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I was reading this paper on an algorithm for finding a dominating set in a tournament graph. The paper claims that an $n$-element set has $n^{O(\log n)}$ subsets of size at most $\log n$. The paper doesn't offer any proof of this, and I don't know how to prove that this is true.

Is there a straightforward way to show this?

Thanks!

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I think it actually claims that an $n$-element set has $n^{O(\log n)}$ subsets of size at most $\log n$ (which is obviously true). The | sign appears to correspond to ^ in LaTeX. –  user73985 May 7 '13 at 15:28
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Oh wow, I miswrote the original question. That's definitely supposed to be $n^{O(\log n)}$. Sorry about that! –  templatetypedef May 7 '13 at 15:31

2 Answers 2

up vote 2 down vote accepted

If we pull with replacement, there are $n^{\log n}$ possibilities for a draw of size $\log n$. Pulling without replacement to get a subset will decrease the possibilities. Then if we sum for the number of elements from $1$ to $\log n$ we get $\frac {n^{1+log n}-1}{n-1}\in O(n^{\log n})$

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My apologies... I wrote the wrong value in the question. But thanks for this answer! –  templatetypedef May 7 '13 at 15:32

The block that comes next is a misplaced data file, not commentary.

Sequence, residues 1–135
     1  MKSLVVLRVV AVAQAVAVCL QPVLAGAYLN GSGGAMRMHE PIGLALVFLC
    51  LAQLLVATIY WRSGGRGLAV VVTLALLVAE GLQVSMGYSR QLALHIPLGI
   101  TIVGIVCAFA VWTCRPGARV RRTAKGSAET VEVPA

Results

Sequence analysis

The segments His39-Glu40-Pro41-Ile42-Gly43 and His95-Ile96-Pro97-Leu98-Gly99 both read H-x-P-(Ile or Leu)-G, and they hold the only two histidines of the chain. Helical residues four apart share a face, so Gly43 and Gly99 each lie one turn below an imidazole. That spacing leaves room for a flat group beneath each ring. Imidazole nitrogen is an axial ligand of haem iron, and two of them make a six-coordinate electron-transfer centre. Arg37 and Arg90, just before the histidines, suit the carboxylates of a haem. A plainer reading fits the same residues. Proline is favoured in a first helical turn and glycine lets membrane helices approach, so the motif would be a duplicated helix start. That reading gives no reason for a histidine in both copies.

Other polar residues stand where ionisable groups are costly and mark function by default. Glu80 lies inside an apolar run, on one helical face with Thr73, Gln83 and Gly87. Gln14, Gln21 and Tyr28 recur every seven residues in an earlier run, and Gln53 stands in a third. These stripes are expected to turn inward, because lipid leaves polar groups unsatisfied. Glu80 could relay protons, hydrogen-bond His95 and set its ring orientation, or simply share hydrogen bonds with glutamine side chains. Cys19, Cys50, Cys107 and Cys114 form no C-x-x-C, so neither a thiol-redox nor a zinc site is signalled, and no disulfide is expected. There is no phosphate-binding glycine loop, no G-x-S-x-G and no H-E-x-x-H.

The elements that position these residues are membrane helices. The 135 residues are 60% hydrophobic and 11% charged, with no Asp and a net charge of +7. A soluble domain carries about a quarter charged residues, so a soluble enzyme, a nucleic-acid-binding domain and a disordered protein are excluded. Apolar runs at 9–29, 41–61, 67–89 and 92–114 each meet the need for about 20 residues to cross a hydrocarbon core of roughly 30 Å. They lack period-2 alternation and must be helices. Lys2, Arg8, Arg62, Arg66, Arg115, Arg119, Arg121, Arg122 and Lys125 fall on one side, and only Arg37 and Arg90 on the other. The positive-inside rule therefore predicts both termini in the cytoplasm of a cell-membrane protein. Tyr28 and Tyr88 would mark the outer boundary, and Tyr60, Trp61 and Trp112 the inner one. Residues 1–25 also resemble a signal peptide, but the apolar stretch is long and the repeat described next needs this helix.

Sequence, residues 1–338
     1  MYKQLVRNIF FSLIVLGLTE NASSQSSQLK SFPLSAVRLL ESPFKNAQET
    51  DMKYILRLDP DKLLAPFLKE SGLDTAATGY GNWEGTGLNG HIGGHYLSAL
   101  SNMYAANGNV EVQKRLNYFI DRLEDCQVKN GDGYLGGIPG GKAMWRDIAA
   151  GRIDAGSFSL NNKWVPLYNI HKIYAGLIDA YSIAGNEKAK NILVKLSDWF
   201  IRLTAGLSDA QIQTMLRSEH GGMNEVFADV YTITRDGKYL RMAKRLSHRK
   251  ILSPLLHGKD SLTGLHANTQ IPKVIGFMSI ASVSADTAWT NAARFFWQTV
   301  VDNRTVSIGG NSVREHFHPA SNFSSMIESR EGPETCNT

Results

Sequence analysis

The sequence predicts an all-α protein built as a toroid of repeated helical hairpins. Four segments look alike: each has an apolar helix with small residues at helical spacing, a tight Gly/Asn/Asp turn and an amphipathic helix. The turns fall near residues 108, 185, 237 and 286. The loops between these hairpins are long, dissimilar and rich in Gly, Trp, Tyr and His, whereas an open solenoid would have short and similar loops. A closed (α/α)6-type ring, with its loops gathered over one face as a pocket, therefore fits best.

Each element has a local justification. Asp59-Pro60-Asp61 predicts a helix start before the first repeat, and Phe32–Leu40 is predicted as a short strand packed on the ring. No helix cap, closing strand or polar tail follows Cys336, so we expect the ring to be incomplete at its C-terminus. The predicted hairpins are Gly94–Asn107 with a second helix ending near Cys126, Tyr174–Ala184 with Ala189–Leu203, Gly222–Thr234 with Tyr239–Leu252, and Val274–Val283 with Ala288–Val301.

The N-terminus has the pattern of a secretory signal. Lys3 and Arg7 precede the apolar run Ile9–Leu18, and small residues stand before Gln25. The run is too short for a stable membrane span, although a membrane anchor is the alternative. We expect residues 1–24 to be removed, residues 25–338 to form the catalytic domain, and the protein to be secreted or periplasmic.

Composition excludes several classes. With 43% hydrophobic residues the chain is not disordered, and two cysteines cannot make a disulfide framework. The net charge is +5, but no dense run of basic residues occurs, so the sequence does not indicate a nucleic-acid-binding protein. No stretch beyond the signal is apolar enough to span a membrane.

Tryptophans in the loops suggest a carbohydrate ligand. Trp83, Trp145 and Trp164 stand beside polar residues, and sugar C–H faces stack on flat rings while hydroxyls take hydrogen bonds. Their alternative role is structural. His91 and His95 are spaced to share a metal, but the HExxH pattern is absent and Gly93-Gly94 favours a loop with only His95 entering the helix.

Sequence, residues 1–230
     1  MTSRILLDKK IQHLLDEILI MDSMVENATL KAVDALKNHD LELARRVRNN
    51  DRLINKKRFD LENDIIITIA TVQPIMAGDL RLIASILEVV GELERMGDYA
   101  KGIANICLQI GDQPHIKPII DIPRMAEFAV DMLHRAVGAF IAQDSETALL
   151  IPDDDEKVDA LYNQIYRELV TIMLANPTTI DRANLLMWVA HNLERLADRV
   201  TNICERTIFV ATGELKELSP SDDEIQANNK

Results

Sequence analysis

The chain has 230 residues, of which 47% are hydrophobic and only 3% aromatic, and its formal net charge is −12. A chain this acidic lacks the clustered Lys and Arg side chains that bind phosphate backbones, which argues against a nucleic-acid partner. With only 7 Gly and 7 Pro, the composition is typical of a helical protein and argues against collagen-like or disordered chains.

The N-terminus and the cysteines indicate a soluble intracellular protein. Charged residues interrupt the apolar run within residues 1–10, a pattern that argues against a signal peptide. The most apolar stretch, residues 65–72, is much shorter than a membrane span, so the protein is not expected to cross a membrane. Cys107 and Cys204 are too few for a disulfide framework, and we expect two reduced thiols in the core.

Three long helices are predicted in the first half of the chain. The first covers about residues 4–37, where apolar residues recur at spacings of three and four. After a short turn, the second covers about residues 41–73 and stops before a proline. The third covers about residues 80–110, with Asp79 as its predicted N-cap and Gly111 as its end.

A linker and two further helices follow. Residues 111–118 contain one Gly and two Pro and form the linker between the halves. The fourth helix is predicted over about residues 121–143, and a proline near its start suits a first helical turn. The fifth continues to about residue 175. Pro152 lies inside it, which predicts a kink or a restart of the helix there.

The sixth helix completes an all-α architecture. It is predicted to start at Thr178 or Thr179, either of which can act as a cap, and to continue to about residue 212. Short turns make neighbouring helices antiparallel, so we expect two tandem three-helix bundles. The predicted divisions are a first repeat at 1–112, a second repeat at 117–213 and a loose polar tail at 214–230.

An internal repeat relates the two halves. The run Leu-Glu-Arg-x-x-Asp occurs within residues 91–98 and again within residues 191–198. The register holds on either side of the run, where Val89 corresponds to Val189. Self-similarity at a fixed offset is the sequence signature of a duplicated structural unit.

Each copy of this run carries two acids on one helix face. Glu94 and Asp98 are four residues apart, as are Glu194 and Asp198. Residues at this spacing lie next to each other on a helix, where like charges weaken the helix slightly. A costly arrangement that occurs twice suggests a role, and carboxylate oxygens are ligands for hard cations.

@templatetypedef: new question answered –  Ross Millikan May 7 '13 at 15:42
    
Beautiful... that was very straightforward. Thanks! –  templatetypedef May 7 '13 at 15:44

You can write this number $\sum_{k=0}^{\log n} {n \choose k} \leq (\log n + 1) {n \choose \log n}$, and try to approximate this last term.

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How would you approximate that term? I was able to get to the point you're at now but am totally stuck on how to proceed. –  templatetypedef May 7 '13 at 15:36
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There must be something more elegant, but using Stirling's approximation should probably get you somewhere. –  Clement C. May 7 '13 at 15:36

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